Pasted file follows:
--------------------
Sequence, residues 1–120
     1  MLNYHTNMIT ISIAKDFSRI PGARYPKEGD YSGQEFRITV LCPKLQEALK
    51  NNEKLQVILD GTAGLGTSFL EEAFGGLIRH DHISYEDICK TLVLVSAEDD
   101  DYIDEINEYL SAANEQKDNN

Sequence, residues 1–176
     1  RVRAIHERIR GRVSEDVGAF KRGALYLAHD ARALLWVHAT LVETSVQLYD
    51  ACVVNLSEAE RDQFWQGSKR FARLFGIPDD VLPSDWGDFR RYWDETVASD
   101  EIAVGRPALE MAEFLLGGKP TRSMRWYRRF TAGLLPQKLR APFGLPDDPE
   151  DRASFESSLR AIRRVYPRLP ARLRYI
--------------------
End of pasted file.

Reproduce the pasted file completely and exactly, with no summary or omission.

Sequence, residues 1–120
     1  MLNYHTNMIT ISIAKDFSRI PGARYPKEGD YSGQEFRITV LCPKLQEALK
    51  NNEKLQVILD GTAGLGTSFL EEAFGGLIRH DHISYEDICK TLVLVSAEDD
   101  DYIDEINEYL SAANEQKDNN

Sequence, residues 1–176
     1  RVRAIHERIR GRVSEDVGAF KRGALYLAHD ARALLWVHAT LVETSVQLYD
    51  ACVVNLSEAE RDQFWQGSKR FARLFGIPDD VLPSDWGDFR RYWDETVASD
   101  EIAVGRPALE MAEFLLGGKP TRSMRWYRRF TAGLLPQKLR APFGLPDDPE
   151  DRASFESSLR AIRRVYPRLP ARLRYI